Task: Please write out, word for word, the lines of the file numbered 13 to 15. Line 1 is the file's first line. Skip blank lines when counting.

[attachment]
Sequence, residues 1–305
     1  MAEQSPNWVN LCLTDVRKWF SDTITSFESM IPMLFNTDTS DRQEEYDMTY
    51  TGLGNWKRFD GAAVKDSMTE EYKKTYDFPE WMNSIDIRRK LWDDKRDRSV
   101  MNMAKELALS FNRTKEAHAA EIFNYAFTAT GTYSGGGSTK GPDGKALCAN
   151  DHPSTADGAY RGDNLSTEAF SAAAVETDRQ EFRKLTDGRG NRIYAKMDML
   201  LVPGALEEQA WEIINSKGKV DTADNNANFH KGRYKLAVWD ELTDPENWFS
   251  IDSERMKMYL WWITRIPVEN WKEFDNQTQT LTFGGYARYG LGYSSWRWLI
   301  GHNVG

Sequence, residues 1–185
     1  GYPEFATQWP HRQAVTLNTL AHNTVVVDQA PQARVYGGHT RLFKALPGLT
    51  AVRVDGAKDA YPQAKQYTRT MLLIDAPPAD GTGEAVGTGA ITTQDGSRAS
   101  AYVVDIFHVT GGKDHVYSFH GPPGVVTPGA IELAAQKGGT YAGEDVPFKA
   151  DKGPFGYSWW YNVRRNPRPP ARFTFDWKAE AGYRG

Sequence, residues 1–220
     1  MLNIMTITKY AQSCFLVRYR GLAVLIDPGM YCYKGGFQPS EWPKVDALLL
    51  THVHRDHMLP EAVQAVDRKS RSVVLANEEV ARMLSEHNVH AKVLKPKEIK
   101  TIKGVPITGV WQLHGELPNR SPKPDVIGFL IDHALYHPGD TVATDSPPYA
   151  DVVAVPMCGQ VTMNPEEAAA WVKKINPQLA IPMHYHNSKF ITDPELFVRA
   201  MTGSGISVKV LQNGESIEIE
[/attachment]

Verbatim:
   151  DKGPFGYSWW YNVRRNPRPP ARFTFDWKAE AGYRG

Sequence, residues 1–220
     1  MLNIMTITKY AQSCFLVRYR GLAVLIDPGM YCYKGGFQPS EWPKVDALLL